On Thursday, La Cañada High School Class of 2018 willed time to stop just long enough to ponder the past four years of their lives, the people they’ve come to know as family and the campus home where it all happened.
More than 350 graduates crowded onto the football field to participate in the school’s 54th annual commencement ceremony. There they celebrated accomplishments, recognized the tireless efforts of teachers and family members and reflected upon shared memories they’ll carry with them into adulthood.
Senior Class President Abigail Lidar praised her class’ grit and determination in securing a foothold amid ever-changing world events. This year, students not only embraced change but became advocates for positive change through peaceful protests against gun violence and for legislative reform.
“Each of us contributed a line of verse in making history by being youth stakeholders here on campus as a national movement unfolded,” Lidar said. “Years from now we’ll remember our senior year as a time of political uncertainty and jarring polarization. But we’ll also remember it by our activism, civic engagement and our sense of responsibility to do right by the countless potential change agents whose voices are so often silent.”
Twin sisters Emily and Sophie Ballinger used their experiences as two distinct personalities to demonstrate how the fertile soil of La Cañada High, lovingly tended to by faculty and staff, provided a root structure that nurtured students as they grew in the individual directions of their hearts.
“Regardless of how hard it gets or how many new and amazing people and places you will discover, you’ll always have your roots supporting you,” said Sophie Ballinger.
Miles Yun recalled always hearing stories from his grandparents about the struggles of growing up in Korea — carrying young siblings on their backs as they evaded bombs, walking hours to get to school and drinking rationed milk powder — and questioned what legacy he’d impart to future generations.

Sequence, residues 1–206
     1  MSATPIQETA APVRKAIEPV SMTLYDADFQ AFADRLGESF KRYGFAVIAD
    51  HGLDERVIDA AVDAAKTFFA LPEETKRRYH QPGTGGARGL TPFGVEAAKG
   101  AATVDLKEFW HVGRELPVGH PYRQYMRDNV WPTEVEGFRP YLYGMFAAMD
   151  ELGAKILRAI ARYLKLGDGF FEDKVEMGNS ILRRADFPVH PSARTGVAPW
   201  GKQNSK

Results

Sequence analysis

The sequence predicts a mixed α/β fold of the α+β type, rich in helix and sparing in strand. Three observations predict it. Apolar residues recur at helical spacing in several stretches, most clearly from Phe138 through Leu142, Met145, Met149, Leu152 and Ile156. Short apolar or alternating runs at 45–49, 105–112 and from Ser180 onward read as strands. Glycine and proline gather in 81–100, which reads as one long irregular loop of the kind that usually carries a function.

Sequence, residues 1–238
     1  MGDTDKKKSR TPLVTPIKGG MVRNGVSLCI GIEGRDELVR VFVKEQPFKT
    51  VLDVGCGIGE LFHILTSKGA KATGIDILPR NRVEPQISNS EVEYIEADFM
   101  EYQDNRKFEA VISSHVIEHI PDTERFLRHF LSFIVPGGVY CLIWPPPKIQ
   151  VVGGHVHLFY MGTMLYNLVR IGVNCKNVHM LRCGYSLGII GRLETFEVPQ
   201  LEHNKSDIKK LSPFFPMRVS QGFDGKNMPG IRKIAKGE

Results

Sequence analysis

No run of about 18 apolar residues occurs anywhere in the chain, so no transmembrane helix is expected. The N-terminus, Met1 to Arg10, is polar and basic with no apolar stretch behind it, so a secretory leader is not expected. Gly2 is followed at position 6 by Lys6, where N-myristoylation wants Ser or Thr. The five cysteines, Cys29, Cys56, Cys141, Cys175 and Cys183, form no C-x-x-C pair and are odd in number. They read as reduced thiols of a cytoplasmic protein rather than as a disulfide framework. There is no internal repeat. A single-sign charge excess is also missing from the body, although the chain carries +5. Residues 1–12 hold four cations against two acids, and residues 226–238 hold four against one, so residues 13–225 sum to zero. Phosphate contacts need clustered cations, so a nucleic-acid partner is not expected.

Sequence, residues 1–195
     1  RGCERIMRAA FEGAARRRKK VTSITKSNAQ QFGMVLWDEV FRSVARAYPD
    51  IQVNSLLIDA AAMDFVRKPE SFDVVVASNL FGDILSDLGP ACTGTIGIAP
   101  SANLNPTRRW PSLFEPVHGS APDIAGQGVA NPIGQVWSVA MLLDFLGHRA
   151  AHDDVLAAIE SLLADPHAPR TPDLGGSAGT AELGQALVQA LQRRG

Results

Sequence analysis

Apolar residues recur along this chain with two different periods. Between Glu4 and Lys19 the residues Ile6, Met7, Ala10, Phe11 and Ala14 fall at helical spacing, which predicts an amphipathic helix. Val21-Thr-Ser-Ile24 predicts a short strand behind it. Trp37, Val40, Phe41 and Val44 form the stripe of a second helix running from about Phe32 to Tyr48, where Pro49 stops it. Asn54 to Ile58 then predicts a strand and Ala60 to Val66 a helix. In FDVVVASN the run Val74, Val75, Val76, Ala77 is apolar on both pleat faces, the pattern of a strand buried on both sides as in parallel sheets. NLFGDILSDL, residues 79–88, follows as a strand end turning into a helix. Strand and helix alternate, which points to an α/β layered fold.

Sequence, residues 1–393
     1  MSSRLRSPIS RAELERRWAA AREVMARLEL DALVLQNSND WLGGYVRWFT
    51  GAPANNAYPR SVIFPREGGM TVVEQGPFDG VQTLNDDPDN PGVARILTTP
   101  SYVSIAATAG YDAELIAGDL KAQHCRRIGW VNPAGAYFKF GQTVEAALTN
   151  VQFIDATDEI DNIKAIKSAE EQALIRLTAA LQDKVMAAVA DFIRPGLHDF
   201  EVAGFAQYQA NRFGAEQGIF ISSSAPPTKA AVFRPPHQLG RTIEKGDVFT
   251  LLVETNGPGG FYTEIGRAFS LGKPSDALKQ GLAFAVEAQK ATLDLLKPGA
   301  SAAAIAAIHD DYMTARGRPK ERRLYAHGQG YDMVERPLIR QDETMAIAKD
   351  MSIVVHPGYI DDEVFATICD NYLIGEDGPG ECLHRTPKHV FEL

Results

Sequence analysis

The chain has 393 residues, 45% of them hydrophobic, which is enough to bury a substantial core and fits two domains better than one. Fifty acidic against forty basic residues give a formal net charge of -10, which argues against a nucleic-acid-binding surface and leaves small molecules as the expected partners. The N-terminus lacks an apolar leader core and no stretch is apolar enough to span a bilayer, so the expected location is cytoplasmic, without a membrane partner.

He determined everyone has a unique story to tell and figured the La Cañada high experience would be part of the collective narrative he would always share with his classmates.
“You, not your environments, not someone else, not your education, but you make your own story,” Yun said. “This is our time. These are our lives, and this is the story of the unforgettable LCHS class of 2018.”
In a departure from the usual graduation script, Principal Ian McFeat offered three lessons he learned after receiving a recent diagnosis of colon cancer — acutely intervene in your world, lead with your heart and listen to your mother (a little bit).
He learned from surgeon Howard Kaufman that acute intervention, in the right place and time, can save a life and suggested students look for opportunities to intervene on behalf of others. From LCHS senior Ethan Kalnins, a special education student who survived an on-campus accident yet still answers anyone who asks how he’s doing with “Superb,” McFeat learned the importance of maintaining a positive attitude. Lastly, the principal shared how his mother called him last year to remind him to get screened for colon cancer since it ran in the family.
“As I was wont to do with her advice, I ignored it,” he confessed. “I’m not asking you to do everything your mothers ask you to, just to listen sometimes.”
Degrees were handed out as parents and friends employed noises, songs and confetti launchers to capture the attention of their intended recipients. Afterward, audience members and graduates converged on the football field in a crush of happy and tearful hugs of congratulation.
Senior Courtney Culver said she was a little overwhelmed by the event. Though she plans to attend New Orleans’ Tulane University in the fall, that night’s plans extended no further than the Hollywood Palladium, where she and friends planned to see Australian band King Gizzard & the Lizard Wizard.
What will she take away from her time at La Cañada High School?